South Africa 15.3.2018 08:15 am

Ramaphosa didn’t demote me, says Bathabile Dlamini

Minister of women Bathabile Dlamini. Picture: Gallo Images

Minister of women Bathabile Dlamini. Picture: Gallo Images

The minister says the president did his best in selecting an inclusive Cabinet.

ANC Women’s League (ANCWL) president Bathabile Dlamini says she is pleased with her new appointment as minister of women in the Presidency, and she doesn’t think she was demoted by President Cyril Ramaphosa.

In her first major interview since Ramaphosa reshuffled Cabinet last month, Dlamini had praises for the president, saying he had tried his best to have an inclusive executive team despite widespread criticism to her selection to head the ministry tasked with championing women’s socioeconomic empowerment and gender equality.

“I think people want to see it as a demotion because even in their own families, they undermine women, and therefore everything that has women is inferior. If you are in that ministry you are demoted, that is not how I feel,” Dlamini told SABC News in New York on Wednesday, where she is currently attending the sixty-second session of the Commission on the Status of Women at the United Nations.

The former social development minister – who swapped ministries with Susan Shabangu – said the past year had been challenging for her as she grappled with the protracted process of transferring the payment of social grants to more than 10 million recipients from Cash Paymaster Services to an inhouse Sassa payment system.

“Right now I feel I am placed where my heart is, and the ANC is giving me an opportunity to cool off and try and focus on my work. Mine is not to look at those who are saying I have been demoted, mine is to look at women and girls in South Africa that are still in poverty.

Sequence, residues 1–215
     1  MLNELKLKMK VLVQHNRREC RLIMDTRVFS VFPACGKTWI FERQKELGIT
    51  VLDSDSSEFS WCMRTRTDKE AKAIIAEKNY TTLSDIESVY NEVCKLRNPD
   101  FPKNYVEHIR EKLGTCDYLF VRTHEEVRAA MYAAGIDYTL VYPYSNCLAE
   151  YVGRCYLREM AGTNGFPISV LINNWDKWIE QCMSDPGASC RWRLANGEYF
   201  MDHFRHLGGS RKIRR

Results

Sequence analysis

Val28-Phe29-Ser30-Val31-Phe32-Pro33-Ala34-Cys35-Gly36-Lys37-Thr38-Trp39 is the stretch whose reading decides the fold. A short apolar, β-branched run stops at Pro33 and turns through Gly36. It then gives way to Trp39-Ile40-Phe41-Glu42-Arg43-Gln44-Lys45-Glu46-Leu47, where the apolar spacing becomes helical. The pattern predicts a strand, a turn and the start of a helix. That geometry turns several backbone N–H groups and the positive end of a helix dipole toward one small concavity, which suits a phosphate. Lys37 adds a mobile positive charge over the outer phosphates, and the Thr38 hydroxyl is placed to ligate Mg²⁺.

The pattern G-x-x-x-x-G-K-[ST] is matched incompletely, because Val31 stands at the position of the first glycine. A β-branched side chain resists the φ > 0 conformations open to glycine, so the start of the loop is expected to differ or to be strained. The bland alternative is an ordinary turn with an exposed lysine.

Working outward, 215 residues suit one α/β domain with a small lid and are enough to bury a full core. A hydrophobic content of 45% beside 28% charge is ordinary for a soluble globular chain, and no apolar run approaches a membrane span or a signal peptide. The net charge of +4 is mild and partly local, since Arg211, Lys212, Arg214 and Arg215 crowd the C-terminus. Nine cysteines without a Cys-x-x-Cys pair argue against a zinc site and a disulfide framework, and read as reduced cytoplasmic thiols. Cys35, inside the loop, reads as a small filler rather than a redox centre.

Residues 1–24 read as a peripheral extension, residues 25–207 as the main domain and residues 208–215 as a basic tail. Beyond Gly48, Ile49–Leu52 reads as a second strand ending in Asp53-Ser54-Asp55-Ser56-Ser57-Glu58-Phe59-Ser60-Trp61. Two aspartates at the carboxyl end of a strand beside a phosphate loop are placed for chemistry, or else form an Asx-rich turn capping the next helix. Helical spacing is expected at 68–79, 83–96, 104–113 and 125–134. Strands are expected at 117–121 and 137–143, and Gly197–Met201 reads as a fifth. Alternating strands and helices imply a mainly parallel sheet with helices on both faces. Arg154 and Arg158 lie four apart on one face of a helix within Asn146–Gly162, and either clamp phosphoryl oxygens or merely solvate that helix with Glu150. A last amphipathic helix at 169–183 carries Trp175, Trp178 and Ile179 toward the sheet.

“In the past year I have been going to bed maybe for two hours because I would try and go through reports and the literature on how to change the payment system and read what is happening in various countries. I did not have a life altogether,” she said.

Ramaphosa tried his best with reshuffle

According to Dlamini, Ramaphosa did his best in selecting his new Cabinet after he was installed as the country’s president following Jacob Zuma’s resignation late on Wednesday, February 14, after the ANC recalled him from office.

Dlamini said this was notwithstanding a “campaign” to discredit her and newly appointed Communications Minister Nomvula Mokonyane. She said their only “sin” was to support Nkosazana Dlamini-Zuma’s bid for the ANC presidency at the party’s elective conference in December last year.

“I think he [Ramaphosa] has tried his best to ensure that some of us are there [appointed to Cabinet], even if there was a strong campaign against, for instance Nomvula and myself, and people forgot about the worst things that were done by others. Our sin was to campaign for a woman candidate. The week running to the reshuffle, the campaign escalated and nothing was able to block the president from taking his decisions,” Dlamini said.

“I think whatever we want to say, he has proven he has two ears. A leader must have two ears because if you’re a leader and you have one ear, you will end up destroying the whole organisation. Secondly, I think we all need to be given a chance, and he must be given a chance, there is a long road ahead of us,” she added.

Asked about the composition of the ANC’s top six officials, which includes Jessie Duarte as the only woman representing the party at a national level, Dlamini said the ANC was backsliding on gender parity.

“We need to ensure that in branches, regions, and provinces we have women as chairpersons, not presidents only. It’s a bottom-up approach, but one other thing that is important is that women must not hate themselves. They must love themselves and be resilient enough to stand defeat and not play the blame game,” she said.

Dlamini also admitted the coming general elections next year would be challenging for the ANC as the governing party to convince the electorate to vote for it.

“South Africans understand elections, and they know what they want, which means we must also upscale our campaign and ensure that we win the minds and hearts of our people. Our people are not going to be like in 1994 when Madiba [Nelson Mandela] went out and campaigned [for the ANC].”

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